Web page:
4K is the moniker used to describe a video resolution that has at least 4,000 horizontal pixels. There are a number of different 4K resolutions; a common one is 4096×2160, for a total resolution of 8,847,360 pixels – that’s over four times the resolution of current 1080p
In the theatrical video realm, the move to digital cinema brought with it a need for higher-resolution video cameras and projectors, as well as a spec to help ensure that content creators, distributors, and exhibitors were all on the same page, quality-wise. Digital Cinema Initiatives, LLC (DCI) was formed in 2002 to develop a specification for mastering/playback of digital films in movie theaters. The DCI spec includes the option to master a film in either 2K (2048×1080) or 4K (4096×2160), and the spec further includes parameters for bit depth, color space, compression, and more.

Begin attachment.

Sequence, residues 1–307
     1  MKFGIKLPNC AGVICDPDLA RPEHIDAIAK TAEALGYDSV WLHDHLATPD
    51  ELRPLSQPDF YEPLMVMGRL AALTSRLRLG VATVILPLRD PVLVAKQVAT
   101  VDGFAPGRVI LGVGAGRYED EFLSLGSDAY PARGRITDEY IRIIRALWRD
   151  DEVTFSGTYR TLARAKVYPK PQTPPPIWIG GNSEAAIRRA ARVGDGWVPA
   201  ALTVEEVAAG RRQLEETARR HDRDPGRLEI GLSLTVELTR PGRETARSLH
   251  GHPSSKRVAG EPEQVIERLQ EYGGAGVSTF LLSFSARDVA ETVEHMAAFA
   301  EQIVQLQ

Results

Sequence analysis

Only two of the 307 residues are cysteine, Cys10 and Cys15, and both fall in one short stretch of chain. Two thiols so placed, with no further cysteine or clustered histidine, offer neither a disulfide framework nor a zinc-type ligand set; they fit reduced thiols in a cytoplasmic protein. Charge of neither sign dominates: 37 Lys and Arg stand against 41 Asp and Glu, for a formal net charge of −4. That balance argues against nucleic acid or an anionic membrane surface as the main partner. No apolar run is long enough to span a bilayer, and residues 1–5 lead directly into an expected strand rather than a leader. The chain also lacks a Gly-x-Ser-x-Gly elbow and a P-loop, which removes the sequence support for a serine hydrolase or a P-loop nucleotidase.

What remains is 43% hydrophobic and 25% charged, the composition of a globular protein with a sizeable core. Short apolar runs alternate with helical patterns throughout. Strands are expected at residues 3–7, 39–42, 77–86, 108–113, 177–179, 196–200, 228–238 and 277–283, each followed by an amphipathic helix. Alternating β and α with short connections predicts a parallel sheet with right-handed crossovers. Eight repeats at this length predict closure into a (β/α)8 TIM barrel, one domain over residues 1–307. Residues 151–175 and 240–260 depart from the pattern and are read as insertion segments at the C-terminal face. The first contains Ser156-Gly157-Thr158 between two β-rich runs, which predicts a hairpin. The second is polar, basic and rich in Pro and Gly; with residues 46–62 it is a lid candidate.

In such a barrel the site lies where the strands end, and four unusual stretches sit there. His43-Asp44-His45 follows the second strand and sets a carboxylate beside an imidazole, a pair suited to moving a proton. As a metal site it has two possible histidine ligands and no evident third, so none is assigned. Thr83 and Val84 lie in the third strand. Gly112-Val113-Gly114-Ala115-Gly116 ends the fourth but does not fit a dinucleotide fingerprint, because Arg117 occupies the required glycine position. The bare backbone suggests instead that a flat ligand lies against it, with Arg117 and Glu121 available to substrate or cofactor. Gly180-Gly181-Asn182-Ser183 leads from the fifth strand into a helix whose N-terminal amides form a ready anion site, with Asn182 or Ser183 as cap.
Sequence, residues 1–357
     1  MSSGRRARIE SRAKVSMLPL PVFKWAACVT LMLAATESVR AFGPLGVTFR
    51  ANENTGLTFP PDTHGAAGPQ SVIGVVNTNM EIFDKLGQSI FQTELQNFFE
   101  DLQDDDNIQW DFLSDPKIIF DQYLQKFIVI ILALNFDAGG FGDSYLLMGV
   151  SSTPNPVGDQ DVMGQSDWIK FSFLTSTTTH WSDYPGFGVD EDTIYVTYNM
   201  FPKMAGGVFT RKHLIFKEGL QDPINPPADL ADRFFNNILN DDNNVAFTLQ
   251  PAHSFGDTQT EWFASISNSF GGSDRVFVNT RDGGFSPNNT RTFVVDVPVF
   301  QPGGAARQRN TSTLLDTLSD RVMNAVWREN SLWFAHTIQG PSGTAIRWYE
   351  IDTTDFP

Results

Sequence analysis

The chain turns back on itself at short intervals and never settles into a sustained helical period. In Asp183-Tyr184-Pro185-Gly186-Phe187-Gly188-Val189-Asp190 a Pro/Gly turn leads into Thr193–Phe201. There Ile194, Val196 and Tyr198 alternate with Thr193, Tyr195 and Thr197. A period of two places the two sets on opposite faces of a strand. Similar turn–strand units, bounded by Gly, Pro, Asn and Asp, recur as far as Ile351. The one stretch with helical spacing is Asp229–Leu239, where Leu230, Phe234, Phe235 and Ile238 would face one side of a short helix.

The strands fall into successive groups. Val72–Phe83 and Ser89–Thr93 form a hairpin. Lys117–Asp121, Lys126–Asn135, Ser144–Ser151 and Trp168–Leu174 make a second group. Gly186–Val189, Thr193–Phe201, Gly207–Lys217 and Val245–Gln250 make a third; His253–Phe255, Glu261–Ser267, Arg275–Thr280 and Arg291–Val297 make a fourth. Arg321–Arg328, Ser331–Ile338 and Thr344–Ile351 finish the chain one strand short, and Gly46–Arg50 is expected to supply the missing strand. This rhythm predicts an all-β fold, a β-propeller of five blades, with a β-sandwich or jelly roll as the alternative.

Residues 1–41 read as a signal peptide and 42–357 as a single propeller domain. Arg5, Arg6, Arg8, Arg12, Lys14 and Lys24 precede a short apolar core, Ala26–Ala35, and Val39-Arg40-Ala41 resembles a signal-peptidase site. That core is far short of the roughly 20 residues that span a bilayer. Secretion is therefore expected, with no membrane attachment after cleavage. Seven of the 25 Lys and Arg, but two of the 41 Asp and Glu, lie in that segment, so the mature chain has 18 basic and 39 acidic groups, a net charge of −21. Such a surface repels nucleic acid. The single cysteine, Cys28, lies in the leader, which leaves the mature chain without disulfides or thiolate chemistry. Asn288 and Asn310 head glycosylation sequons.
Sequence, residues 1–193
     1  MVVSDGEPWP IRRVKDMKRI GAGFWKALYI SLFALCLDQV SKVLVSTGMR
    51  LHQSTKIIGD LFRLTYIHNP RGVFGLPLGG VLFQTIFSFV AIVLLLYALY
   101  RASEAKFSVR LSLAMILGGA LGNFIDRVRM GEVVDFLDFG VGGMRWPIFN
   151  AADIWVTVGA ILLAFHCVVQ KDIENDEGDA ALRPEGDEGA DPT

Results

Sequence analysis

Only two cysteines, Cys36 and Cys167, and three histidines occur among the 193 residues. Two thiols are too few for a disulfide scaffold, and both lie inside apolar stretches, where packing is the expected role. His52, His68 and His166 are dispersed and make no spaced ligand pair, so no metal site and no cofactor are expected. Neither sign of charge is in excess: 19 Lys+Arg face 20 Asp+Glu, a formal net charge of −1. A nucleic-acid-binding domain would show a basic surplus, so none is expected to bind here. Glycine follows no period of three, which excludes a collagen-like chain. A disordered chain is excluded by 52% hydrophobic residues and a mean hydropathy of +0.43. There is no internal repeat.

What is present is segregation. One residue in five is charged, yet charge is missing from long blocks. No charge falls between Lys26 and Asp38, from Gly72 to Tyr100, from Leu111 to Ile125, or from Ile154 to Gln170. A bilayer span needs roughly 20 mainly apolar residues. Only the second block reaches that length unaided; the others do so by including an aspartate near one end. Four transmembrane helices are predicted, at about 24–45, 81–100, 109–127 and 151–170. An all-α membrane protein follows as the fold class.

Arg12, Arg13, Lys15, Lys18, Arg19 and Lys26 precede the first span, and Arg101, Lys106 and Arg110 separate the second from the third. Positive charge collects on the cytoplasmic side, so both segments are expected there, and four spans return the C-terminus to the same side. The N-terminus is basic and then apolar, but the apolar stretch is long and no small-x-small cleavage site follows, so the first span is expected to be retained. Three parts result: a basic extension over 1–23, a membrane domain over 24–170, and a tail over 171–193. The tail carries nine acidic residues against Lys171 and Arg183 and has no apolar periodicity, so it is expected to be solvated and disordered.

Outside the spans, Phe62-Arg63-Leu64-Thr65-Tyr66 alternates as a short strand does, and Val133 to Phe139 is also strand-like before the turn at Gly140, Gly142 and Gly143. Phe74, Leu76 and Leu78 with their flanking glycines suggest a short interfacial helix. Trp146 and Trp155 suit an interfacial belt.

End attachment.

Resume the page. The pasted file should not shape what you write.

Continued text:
4K requires expensive cameras and very powerful and high-resolution projectors to reproduce the resolution natively in the digital domain. 4k can be down-converted to 2k
and printed on 35-millimeter film for wide distribution to theaters that don’t have 4k digital projectors.
While 4K technically requires at least 4,000 horizontal pixels, the more common trend in the A/V industry right now is to offer displays with a 3840×2160 resolutions This resolution was formerly called Quad Full HD because it is exactly four times the resolution of 1080p. However, in October 2012, the Consumer Electronics Association introduced the term “Ultra High-Definition” or “Ultra HD”
to describe any display device with at least 3840 horizontal pixels, 2160 vertical pixels, and an aspect ratio of at least 16:9. You can get more information on Ultra HD here
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